A bi-partisan group of 42 congressmen, led by Reps. Anna G. Eshoo (D-Calif.) and Darrell Issa (R-Calif.), released a letter to conferees on the Payroll Tax Cut Conference Committee (who currently are working on payroll-tax initiatives), urging them to protect public access to unlicensed spectrum.
Eshoo is Ranking Member of the House Communications and Technology Subcommittee, and Issa serves as the chairman of the House Oversight and Government Reform Committee.
House and Senate negotiations on extending a payroll-tax cut could include spectrum legislation in the compromise package that could help pay for the cost of tax legislation; supporters of unlicensed spectrum reportedly don’t want conferees to include the House’s language if they include spectrum legislation in the final payroll-tax package.
The background: Estimates say unlicensed spectrum generates between $16 billion and $37 billion each year for the U.S. economy. As a result, these signatories to the letter believe “it’s absolutely essential that the United States not close the door on this exciting area of innovation which can help enhance rural broadband coverage, reduce energy costs and pave the way for new technologies that have yet to be invented.”
In the letter, the representatives declare smart spectrum policy "must recognize that both licensed and unlicensed spectrum in the television band maximizes the economic benefits of wireless broadband. With a balanced approach to spectrum policy, we can unlock billions of dollars in private investment, new innovations, job creation, and economic growth."
Here is the letter in its entirety:
Dear Chairman Camp and Chairman Baucus:
We are writing regarding the possible inclusion of spectrum policy in the extension of the payroll tax legislation. Smart spectrum policy will drive the next generation of wireless broadband, creating new economic opportunities for the telecommunications and technology ecosystem. These provisions will have a dramatic impact on our nation’s wireless future and benefit many stakeholders, including public safety, small businesses, educators, and consumers. While there are many important spectrum policy goals, today we’re writing to urge you to preserve the Federal Communications Commission’s (FCC) flexibility to use some of the "beachfront" spectrum recovered from voluntary incentive auctions for unlicensed use.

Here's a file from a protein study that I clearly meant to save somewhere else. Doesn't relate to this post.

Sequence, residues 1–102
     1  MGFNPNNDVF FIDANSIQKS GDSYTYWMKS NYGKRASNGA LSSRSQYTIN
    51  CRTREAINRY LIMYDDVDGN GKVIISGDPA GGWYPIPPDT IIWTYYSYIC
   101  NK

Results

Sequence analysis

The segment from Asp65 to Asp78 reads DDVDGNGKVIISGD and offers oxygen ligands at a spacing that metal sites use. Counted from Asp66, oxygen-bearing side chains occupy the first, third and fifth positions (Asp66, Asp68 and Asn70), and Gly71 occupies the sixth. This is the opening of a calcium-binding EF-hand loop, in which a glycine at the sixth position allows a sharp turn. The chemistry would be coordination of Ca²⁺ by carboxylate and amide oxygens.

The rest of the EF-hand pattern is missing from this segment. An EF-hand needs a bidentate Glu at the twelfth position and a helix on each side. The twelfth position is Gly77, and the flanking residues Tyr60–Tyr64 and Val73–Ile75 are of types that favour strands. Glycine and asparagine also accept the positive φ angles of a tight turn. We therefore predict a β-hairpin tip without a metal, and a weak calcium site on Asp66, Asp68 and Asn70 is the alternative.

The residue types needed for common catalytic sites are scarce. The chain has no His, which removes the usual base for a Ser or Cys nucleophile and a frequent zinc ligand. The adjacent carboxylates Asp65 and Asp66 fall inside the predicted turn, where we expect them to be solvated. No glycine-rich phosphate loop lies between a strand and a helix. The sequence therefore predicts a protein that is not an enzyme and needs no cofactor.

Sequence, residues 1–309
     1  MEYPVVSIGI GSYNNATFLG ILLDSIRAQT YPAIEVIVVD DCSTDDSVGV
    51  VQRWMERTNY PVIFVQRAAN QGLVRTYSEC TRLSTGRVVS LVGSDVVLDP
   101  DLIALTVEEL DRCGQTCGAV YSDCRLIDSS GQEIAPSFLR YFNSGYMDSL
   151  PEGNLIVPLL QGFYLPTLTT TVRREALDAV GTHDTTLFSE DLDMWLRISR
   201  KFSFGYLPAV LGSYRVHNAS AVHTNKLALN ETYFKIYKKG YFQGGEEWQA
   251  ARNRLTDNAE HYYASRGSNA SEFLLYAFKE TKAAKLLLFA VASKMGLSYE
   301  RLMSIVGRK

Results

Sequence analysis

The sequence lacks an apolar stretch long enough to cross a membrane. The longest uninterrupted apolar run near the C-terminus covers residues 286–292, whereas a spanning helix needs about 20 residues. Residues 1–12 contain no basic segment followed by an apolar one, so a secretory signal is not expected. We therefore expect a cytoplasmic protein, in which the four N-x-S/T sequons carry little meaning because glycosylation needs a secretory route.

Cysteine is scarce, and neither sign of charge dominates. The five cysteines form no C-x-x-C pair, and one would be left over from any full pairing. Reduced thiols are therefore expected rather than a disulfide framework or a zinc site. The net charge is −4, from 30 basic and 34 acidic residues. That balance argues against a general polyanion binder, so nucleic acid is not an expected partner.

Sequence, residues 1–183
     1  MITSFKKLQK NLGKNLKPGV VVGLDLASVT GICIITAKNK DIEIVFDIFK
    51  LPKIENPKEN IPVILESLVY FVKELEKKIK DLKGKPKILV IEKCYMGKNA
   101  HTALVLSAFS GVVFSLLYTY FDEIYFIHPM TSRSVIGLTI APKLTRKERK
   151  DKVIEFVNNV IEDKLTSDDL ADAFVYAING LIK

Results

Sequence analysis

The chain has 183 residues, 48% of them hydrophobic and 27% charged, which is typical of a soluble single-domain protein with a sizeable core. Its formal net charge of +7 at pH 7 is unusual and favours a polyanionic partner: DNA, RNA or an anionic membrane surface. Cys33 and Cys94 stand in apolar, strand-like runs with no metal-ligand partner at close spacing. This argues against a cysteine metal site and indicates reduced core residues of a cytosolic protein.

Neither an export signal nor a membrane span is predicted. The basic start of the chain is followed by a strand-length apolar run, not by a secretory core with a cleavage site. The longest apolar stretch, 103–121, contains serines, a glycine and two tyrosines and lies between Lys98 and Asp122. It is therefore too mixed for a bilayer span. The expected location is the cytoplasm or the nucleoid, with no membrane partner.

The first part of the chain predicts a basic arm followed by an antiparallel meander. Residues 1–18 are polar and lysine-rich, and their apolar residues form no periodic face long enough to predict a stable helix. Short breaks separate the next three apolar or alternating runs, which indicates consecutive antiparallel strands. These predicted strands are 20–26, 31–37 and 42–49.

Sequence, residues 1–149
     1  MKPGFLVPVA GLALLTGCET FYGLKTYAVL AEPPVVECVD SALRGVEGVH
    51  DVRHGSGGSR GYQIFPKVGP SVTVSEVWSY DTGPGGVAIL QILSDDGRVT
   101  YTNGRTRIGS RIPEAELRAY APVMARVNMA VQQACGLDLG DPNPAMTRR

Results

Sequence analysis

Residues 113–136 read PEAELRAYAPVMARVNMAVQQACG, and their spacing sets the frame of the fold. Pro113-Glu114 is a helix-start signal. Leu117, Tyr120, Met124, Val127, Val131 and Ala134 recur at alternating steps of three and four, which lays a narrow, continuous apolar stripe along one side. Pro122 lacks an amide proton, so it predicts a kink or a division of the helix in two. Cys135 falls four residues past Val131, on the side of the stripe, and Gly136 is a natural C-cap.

Some of the most significant innovations in wireless communications, such as Wi-Fi and Bluetooth, were born in spectrum bands with no exclusive license. Collectively, unlicensed devices help generate an estimated $16-37 billion per year for the U.S. economy. Even our nation’s largest wireless service providers use unlicensed spectrum to reduce congestion on their network, with experts suggesting that more than one-third of their data traffic today is off-loaded onto Wi-Fi networks.
Exploring the use of beachfront spectrum, specifically in the television band, is vital given its ability to penetrate buildings, enhance rural coverage, and carry more data traffic than traditional Wi-Fi. Yet today, within the frequencies best suited for mobile broadband services, there is more than five times as much spectrum available for licensed use as there is for unlicensed use. From Plumas, California to Logan, Ohio, entrepreneurs and small businesses are working with leaders in key sectors of the U.S. economy, such as health care, education and energy to develop wireless hotspots, medical patient monitoring, smart grid and other innovative applications that use unlicensed spectrum found in the television band.
Spectrum policy must recognize that both licensed and unlicensed spectrum in the television band maximizes the economic benefits of wireless broadband. With a balanced approach to spectrum policy, we can unlock billions of dollars in private investment, new innovations, job creation, and economic growth. Thank you for considering these views.
Immediately commenting on the letter, the Wireless Innovation Alliance said in part: "We believe that spectrum reform will ensure that commercial users, public safety and federal users all have access to wireless capacity to meet our ever-growing wireless needs. However, in order to do that successfully, as it has in the past, the FCC must retain its ability to make appropriate allocation decisions and conduct auctions to maximize technological innovation and rural broadband deployment.”